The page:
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As we age...

Widening our social circles gives us new opportunities. 



Loneliness is a health epidemic.

Social isolation is a risk factor for earlier death, with an impact similar to that of smoking tobacco.

American Journal of Public Health, 2013


Having a wide social circle is shown to help us find our next job. 

Finding a new job is likely to be essential, as we’re now spending more years in the workforce. As of 2017, almost 20% of Americans over 65 have continued to work—up from 12% in 1990.

American Sociological Review, 2017; US Bureau of Labor Statistics, 2017


Midlife transitions can be overwhelming.

Experts say building a wide social circle, whether it’s built purposefully or serendipitously, is a common theme among those who land successful transitions as they age.

The 100-Year Life, 2016

The Takeaway

Get out there. Meet new types of people.

Advice from Real People

“ I like hosting parties that bring new people together. When I host, I ask everyone to bring two acquaintances I don’t already know. It exposes me to lots of new people and perspectives.”

“ Every month I host a ‘brain trust’ that brings friends together to brainstorm around specific challenges we want to solve. It unites the people in my network in unexpected ways.”

“ I recently decided to switch careers but didn’t know anyone outside my industry. I went to an event I found on and ended up meeting a new friend who let me shadow them at their work. ”

The Research

Meeting people of different backgrounds and expertise shows us new possibilities for what our lives can be.
“ A broader set of more distant relationships may lack an affective quality but exposes the individual to new, even unanticipated possibilities.”

Administrative Science Quarterly, 1999

Activities that boost our social capital can open doors to new opportunities.
“ Our results suggest (...) volunteering may indeed develop or strengthen an individual’s social capital, thereby providing volunteers access to opportunities for employment. This may be particularly important for individuals who have a greater social capital deficit, such as those lacking education.”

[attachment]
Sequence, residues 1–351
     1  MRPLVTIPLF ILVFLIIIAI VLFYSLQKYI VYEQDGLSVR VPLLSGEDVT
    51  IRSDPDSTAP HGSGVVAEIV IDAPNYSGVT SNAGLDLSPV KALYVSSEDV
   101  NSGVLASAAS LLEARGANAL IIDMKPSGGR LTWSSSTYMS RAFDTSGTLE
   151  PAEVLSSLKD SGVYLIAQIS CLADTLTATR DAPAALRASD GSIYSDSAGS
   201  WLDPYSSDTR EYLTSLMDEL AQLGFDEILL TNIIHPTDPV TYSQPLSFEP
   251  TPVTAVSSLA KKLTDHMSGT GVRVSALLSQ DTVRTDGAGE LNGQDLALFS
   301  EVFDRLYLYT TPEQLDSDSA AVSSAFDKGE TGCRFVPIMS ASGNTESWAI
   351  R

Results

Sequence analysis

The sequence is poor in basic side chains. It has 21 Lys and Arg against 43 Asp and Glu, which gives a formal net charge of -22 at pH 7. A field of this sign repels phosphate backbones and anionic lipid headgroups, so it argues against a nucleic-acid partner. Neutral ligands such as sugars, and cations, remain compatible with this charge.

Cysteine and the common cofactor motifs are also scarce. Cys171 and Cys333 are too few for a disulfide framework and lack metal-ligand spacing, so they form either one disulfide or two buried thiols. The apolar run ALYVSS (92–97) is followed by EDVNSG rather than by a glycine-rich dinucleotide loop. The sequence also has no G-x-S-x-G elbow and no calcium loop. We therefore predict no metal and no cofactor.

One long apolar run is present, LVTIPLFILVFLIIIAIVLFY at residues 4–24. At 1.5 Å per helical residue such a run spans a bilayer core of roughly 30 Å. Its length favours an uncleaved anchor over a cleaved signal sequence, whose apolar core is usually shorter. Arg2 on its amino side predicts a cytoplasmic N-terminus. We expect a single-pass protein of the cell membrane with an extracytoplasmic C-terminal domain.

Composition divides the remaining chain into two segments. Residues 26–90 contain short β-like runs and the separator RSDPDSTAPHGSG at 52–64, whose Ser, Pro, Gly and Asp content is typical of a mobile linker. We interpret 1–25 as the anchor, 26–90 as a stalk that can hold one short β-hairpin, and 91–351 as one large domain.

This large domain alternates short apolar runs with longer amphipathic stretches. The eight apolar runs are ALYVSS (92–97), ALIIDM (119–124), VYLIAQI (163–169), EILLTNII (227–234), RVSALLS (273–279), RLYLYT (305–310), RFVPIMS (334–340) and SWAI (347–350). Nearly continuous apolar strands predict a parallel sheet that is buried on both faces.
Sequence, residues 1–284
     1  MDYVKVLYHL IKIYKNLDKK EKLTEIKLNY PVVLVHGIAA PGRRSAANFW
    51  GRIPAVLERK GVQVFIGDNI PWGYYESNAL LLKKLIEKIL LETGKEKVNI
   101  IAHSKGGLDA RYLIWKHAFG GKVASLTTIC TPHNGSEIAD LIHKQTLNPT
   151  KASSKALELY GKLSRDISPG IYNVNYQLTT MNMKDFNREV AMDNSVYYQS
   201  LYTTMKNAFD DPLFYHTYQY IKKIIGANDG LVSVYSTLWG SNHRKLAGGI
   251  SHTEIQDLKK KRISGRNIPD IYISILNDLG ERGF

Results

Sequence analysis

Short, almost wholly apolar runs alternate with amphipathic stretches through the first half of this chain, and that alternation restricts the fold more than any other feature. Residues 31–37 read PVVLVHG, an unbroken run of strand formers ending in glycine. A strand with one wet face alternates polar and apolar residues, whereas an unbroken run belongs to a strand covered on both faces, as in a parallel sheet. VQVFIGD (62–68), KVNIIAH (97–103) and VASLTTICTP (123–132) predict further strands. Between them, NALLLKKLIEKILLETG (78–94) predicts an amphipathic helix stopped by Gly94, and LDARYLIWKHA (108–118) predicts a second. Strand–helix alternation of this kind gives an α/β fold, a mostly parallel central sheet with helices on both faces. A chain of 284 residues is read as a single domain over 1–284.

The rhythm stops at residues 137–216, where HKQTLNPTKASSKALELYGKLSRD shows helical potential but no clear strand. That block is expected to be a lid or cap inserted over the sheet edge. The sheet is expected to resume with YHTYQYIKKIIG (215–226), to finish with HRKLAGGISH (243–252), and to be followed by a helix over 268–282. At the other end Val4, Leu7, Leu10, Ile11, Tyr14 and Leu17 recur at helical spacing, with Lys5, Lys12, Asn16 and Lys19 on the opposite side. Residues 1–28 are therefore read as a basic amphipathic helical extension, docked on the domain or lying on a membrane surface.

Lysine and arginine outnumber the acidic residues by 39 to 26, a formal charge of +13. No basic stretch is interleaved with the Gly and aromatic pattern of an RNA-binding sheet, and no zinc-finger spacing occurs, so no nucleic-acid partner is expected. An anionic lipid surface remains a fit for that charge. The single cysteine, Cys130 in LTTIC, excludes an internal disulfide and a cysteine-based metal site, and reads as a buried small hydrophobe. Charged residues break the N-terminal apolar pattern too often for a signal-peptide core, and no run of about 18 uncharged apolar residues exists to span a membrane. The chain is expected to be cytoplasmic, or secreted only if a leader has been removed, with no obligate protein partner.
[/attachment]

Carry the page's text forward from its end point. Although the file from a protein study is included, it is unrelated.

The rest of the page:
Office of Research and Evaluation, Corporation for National and Community Service, 2013

It’s not just close ties that help you find a new job. Having a broad network helps, too.
“ Weak ties are important collectively because of their quantity, but strong ties are important individually because of their quality.”

Journal of Labor Economics via Facebook Research, 2016

Redesign Your Time

Through the Living 100 project, AARP seeks to spark a conversation. How can we challenge our own mindsets and attitudes about aging? What do longer lifespans mean for current and future generations? How can we address disparities in race, gender, income, education and geography that can be a matter of life and death? And most importantly, how do institutions and systems need to change so that we are not only living longer, but making the most of our extra time?


Representing nearly 38 million people, AARP strives to ensure Americans aged 50 years and older have access to the care, information, and services they need to lead healthier lives with independence and dignity. Thus, AARP believes it’s time to Disrupt Aging—to reconceive the national conversation on what growing older means. Toward that, in an August 2017 supplemental issue sponsored by AARP, The Gerontologist put the scientific lens to Disrupt Aging via 12 peer-reviewed research papers examining how negative attitudes about aging affect health and quality of life.